Foreign agents infiltrate U.S. government; where’s the outrage?


You remember Tail-Gunner Joe, the senator who claimed he had lists of ___ (fill in any outlandish number) communists working in the State Department. McCarthy garnered a lot of publicity for himself without ever outing a single commie before the U.S. Senate finally censored him.

That was more than 60 years ago. Now the U.S. government faces another crisis of confidence in the institutions of government. Rep. Devin Nunes, chair of the House Intelligence Committee, has issued a four-page memo sowing doubts about the FISA court, which limits surveillance on American citizens, the Mueller investigation into Russian influence in the 2016 presidential campaign, the Justice Department and the FBI. Democrats failed to stop the release of the memo, which the FBI and the Justice Department have said is deeply flawed and misleading. President Trump seems to be egging on Nunes and his GOP colleagues in an effort to cast doubt on the Mueller investigation. Trump, Nunes and other GOP sycophants, do not appear to be concerned that their actions are harming public confidence in the FBI, the Justice Department, and other institutions.

Despite all of the back-and-forth over the release of the disputed memo, no one has pointed out what should be obvious: The Trump presidential campaign was infiltrated by individuals who were Russian agents or had clear links to the Russians. Carter Page, the Trump advisor who was the subject of a surveillance request (plus renewals) sent to the FISA court, had been on U.S. intelligence services’ radar for his Kremlin connections since at least 2013. (A friend with closer ties to Washington doubts that Page was ever a Russian agent, but he had been in contact with the Kremlin.) Michael Flynn, another Russia-linked Trump advisor, was fired by Trump after Flynn lied about his Russia contacts. Another Trump foreign policy advisor, George Papadopoulos, has admitted to lying to investigators about his contacts with Russian agents during the 2016 campaign. It was Papadopoulos’ contacts with Russian agents that first alerted U.S. intelligence agencies to Russian meddling and Page. Former Trump campaign manager Paul Manafort had worked for the Kremlin-backed government of Ukraine. Even Trump’s attorney general, Jeff Sessions, was tainted by his Russian contacts during the campaign and had to recuse himself from overseeing the Mueller investigation.

Trump, meanwhile, seems to be considering firing FBI Director Christopher Wray and Deputy Attorney General Rod Rosenstein, both of whom were hired by Trump, as a way of stalling or capsizing the entire Russia investigation under Robert Mueller. Trump has spent much of his presidency trying to derail or de-legitimize the Mueller investigation.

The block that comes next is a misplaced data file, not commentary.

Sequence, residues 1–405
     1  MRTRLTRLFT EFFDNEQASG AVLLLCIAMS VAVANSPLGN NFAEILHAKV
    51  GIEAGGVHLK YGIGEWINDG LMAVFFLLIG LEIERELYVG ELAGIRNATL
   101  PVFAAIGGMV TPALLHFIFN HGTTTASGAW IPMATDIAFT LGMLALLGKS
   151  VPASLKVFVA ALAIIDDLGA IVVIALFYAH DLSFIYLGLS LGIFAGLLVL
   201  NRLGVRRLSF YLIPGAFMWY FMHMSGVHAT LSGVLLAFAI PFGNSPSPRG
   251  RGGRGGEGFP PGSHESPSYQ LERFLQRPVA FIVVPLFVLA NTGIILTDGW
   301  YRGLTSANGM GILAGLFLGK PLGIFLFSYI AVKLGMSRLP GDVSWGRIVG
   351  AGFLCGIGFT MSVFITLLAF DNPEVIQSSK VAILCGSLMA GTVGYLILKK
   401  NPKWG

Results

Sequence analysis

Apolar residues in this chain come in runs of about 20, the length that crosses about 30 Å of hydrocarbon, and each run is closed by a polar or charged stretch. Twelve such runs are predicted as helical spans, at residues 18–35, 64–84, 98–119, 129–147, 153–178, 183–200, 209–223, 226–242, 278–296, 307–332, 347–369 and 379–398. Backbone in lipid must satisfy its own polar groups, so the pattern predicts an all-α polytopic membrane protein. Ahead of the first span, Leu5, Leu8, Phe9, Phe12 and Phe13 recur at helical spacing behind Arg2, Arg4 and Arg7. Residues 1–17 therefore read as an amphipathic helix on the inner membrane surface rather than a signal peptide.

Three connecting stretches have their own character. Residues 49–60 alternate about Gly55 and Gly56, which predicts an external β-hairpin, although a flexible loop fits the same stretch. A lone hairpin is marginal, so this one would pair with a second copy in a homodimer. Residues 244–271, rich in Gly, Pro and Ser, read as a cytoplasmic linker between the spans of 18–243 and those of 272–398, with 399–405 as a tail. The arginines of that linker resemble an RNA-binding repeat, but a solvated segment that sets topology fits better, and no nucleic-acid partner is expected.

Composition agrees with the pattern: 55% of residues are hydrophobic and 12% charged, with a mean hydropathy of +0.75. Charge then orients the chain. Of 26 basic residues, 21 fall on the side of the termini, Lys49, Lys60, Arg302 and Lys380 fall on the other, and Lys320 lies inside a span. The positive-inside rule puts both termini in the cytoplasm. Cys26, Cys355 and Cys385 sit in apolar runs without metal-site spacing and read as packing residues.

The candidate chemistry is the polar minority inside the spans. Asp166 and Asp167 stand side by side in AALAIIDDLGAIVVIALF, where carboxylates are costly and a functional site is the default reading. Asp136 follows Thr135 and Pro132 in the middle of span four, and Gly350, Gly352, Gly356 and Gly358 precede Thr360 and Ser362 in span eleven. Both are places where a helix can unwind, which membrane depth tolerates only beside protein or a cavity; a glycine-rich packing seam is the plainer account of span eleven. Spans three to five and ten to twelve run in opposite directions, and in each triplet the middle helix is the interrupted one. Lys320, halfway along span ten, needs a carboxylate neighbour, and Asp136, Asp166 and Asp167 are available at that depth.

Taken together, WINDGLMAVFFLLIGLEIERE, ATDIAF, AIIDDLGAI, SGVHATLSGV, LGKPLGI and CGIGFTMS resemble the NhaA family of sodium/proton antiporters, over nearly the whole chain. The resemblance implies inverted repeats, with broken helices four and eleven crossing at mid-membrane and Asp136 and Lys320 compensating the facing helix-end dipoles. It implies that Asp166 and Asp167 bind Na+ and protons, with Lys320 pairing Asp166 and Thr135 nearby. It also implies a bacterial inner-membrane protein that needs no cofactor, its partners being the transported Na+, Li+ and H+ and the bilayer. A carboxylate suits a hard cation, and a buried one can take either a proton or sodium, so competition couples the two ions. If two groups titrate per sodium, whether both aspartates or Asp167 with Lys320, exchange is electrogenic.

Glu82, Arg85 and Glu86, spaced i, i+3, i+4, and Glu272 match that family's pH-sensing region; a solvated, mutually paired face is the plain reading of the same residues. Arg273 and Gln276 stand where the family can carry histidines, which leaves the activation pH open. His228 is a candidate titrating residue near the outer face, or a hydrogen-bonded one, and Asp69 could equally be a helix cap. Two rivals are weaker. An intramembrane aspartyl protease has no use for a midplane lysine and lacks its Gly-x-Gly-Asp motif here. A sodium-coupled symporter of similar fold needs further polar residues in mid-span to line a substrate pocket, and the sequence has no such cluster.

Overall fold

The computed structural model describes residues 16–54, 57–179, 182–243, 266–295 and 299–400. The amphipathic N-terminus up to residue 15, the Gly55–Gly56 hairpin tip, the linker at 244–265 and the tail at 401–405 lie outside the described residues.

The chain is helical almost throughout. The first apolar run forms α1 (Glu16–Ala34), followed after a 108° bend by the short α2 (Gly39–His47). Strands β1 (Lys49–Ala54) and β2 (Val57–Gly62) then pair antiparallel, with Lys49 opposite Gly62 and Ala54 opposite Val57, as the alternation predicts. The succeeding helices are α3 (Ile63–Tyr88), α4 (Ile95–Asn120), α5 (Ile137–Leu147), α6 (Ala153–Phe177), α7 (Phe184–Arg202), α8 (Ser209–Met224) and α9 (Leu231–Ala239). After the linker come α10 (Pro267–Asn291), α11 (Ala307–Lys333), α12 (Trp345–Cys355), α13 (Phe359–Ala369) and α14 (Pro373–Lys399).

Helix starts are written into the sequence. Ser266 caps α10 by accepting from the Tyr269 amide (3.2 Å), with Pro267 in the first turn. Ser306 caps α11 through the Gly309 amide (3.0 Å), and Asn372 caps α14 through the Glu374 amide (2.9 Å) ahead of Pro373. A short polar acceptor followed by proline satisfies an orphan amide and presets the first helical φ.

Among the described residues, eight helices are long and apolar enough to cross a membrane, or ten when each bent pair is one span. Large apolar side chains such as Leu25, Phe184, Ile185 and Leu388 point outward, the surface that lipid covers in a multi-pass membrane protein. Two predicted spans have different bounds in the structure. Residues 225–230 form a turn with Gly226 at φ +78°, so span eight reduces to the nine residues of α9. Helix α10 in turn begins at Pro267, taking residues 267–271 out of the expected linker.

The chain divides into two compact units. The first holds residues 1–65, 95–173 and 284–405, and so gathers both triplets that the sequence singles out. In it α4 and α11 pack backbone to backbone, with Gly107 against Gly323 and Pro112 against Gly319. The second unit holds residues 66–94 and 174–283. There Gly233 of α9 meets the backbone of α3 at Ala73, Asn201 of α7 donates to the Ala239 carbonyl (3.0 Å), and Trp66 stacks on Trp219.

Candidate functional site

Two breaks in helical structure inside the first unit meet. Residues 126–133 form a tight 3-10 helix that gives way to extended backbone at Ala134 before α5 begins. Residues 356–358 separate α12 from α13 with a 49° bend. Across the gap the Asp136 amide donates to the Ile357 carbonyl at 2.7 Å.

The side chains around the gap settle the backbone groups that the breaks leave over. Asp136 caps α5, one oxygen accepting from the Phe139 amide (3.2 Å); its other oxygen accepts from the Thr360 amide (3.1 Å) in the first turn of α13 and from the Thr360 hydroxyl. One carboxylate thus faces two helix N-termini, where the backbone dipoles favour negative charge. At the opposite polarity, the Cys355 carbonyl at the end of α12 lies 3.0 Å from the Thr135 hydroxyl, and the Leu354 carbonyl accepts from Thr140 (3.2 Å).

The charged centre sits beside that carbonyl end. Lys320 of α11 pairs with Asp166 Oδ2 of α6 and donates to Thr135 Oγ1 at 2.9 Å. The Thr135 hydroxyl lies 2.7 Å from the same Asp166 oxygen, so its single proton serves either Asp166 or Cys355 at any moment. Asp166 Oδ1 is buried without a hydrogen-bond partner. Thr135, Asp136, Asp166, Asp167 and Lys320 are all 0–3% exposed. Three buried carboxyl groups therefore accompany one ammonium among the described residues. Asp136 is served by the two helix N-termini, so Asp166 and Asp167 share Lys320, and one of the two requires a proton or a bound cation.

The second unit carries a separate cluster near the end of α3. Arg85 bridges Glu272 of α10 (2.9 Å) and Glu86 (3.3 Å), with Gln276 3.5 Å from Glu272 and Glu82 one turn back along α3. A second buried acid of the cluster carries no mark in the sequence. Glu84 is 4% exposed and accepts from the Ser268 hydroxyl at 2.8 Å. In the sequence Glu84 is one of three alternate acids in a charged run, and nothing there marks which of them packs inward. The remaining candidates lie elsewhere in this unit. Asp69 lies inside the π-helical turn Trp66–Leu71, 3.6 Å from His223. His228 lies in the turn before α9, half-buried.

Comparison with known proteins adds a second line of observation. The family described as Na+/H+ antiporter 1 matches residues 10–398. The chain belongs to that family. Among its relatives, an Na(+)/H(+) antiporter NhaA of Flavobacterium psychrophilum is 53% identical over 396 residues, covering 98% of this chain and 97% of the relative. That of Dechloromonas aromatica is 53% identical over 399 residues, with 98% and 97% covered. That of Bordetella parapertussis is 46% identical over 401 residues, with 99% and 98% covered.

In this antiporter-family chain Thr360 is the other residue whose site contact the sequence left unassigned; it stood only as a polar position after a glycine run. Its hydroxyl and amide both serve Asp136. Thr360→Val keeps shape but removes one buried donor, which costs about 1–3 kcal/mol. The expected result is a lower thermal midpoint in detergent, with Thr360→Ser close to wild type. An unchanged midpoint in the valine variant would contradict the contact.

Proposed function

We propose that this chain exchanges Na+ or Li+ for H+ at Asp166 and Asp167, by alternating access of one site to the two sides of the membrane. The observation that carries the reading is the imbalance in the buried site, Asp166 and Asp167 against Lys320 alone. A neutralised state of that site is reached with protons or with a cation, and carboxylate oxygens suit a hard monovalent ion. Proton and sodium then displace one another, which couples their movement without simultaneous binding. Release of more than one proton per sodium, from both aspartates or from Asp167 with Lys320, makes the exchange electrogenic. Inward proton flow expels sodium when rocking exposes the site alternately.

During the paranoia of the Cold War, any foreign influence into U.S. policy would have sparked an outcry from the public, an outcry McCarthy adroitly exploited, at least for a while. With the Cold War nearly 30 years in the grave, worries about Russian (no longer Soviet or Communist) infiltration into the highest ranks of government seems hopelessly anachronistic. But U.S. and other intelligence services say the Kremlin under Vladimir Putin is manipulating the electorate in Western Democracies in order to expand Russia’s own global influence and military strength.

Who will have the courage to channel Joe McCarthy and declare, “Mr. Chairman, I have here a list of four Russian agents who played active roles in the Trump presidential campaign.” This time, the list would have actual names (see above) of real Russian agents or sympathizers who advised Donald Trump during the 2016 campaign.

Now, what McCarthy did in the early 1950s and what needs to be done today are totally different. McCarthy needlessly inflamed public opinion to advance his own political career as he falsely alleged unnamed employees of the State Department were communists or communist sympathizers. What is needed now is someone who will point out the fact that the Trump campaign and the Trump presidency have attracted an extraordinary number of people with connections to the Kremlin. Whether there was collusion or coordination between the Kremlin and the Trump campaign may not matter as much as this question: Why have so many people with Russian ties ended up in the Trump campaign or administration? Russian agents or sympathizers have gained the ear of the president — something the Americans of McCarthy’s day would have considered treasonous.

Nunes tried to inflame public opinion about a surveillance court application while ignoring the far more serious and undisputed fact that a U.S. presidential candidate was depending on advisors who were or had been agents or advocates of a foreign power.

Hal Tarleton spent more than three decades as a working journalist and editor of The Wilson (NC) Daily Times. This post originally appeared on his blog, The Erstwhile Editor.  His opinions are his own. 

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